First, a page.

MOT: The art of health and the health of the arts

MOT: The art of health and the health of the arts

Ben Bridge

By Diana Brement, Jewish Sound columnist

1 “For improving health — and giving hope — to the world’s most vulnerable people,” Celina Schocken recently received a distinguished alumni award from Lakeside High School for her work in international public health. Now living in the New York area, Celina returned home to accept the award in March. “I didn’t expect to win,” she says, adding that Lakeside appears to be encouraging students to “look at non-traditional careers.”

Courtesy Celina Schocken Celina Schocken sits with a pregnant woman in a Ugandan hospital.

Courtesy Celina Schocken
Celina Schocken sits with a pregnant woman in a Ugandan hospital.

After giving a presentation at the awards ceremony, she was blown away by students’ questions. “They understood pretty complex things” about Africa, she says, where the Mercer Island native says she’s really lucky to be doing work that “can really make a difference…in maternal health, HIV and malaria.”

An independent consultant, Celina works with medical technology companies that are developing or marketing products in Africa. Opportunities for innovation there are “just enormous,” she says.

Public health has changed dramatically since she was a Peace Corps volunteer in Guinea-Bissau in the mid-1990s.

“When I moved to Rwanda in 2002,” she recalls, “there were about 200 people who were getting antiretrovirals. Now everyone [there] gets them for free.”

She spent over two years there working for the Ministry of Health.

She travels frequently for work, saying it’s critical to get “out in the field and see what’s working and what’s not.” In Uganda in February, she observed surgeries and saw a rural hospital facing “challenges that you wouldn’t see if you weren’t there.” She documents her trips in more depth and with great photos on her blog, www.celinaschocken.com.

Growing up at Herzl-Ner Tamid, Celina attended the Jewish Day School through 7th grade and the Community High School of Jewish Studies extra-curricular program. She has been to synagogue in Nairobi, Mozambique and Ethiopia, but says Rwanda was the place she felt most proud of being Jewish.

“The Rwandans think very positively of Jews and Israel,” she says.

The daughter of Judy and Joe Schocken, and granddaughter of Ruth Schocken, Celina says her 101-year-old grandmother “follows my stories very closely” and asks “really good questions.”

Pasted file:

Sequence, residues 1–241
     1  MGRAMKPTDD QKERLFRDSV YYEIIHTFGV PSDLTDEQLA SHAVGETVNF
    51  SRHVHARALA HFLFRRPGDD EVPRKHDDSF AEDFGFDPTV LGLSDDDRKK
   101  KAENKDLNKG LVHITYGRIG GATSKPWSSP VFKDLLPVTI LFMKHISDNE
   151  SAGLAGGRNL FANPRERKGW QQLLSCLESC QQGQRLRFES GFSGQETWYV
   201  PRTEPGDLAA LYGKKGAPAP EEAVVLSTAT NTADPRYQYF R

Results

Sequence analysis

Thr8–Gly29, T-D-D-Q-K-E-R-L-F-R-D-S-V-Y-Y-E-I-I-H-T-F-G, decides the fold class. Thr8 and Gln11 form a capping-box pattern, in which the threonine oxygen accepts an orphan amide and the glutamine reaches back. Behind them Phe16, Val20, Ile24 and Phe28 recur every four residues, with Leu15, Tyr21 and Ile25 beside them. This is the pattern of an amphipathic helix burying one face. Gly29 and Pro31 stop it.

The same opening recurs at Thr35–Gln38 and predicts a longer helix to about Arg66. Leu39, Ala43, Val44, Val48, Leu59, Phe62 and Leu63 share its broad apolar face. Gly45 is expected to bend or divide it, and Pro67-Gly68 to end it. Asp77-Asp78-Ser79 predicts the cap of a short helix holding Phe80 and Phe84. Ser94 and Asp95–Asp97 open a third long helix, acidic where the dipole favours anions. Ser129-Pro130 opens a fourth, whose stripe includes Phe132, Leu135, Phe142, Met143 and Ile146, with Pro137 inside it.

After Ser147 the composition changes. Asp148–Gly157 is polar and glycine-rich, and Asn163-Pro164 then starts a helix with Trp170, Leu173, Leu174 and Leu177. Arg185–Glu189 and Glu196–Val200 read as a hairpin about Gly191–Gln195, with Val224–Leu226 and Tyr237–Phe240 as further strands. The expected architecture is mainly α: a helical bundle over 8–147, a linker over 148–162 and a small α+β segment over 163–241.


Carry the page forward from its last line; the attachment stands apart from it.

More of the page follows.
2 In a town filled with theater companies, Art Feinglass came to Seattle and started another — Seattle Jewish Theater Company (SJTC).

Moving from New York to be close to his daughter and two grandchildren (another daughter and two other grandchildren live in Los Angeles), he wanted “to do something meaningful,” and particularly something Jewish, “[to] keep me engaged up here.”

It gets “my Jewish interest and my theater experience melded together,” he says.

Art lived in Seattle once before, in the 1970s. Coming from a kibbutz in Israel where he fought in the Yom Kippur war, he got a master’s degree in English at the University of Washington. His thesis, a novel based on his war experiences, is still archived in Suzzallo Library.

Returning to his native New York, he worked in public relations, then started a murder mystery theater group. That work branched into corporate training. He still operates the mystery company with the help of some assistant managers, and still does sexual harassment and diversity training.

SJTC is a wandering Jewish theater, which may have helped it survive.

“I started this right in the middle of everybody losing everything,” says Art.

Productions are held at varying venues, including the Stroum Jewish Community Center and synagogues. Host venues share costs of purchasing rights and renting equipment, and the company and the house split the proceeds. This way, he says, about “900 to 1,000” people have seen the last few plays.

“You don’t go into it for the money,” notes Art, comparing it to entering the rabbinate — which he tried for a year. “You do it for Jewish continuity.”

Some of SJTC’s earliest productions mixed amateur and professional actors, but it is all professional now. A series of performances of James Sherman’s “From Door to Door” just finished, but Art hopes to present the show at A Contemporary Theater (ACT) in Seattle next year. An original play written about early 20th-century Jewish shopkeepers in our state, to be produced with the Washington State Jewish Historical Society, is being planned.

Art also took up running when he moved here. In mid-April he completed the Whidbey Island Marathon, his first, winning first place in the over-60 category. The day we spoke, he’d completed a 10-mile trail race.

His grandchildren, ages 8, 6, 4 and 2, he says, are really impressed with his medals.

 

Photo: Joan Golston

Art Feinglass onstage, providing direction for his production of “The World of Sholem Aleichem.”

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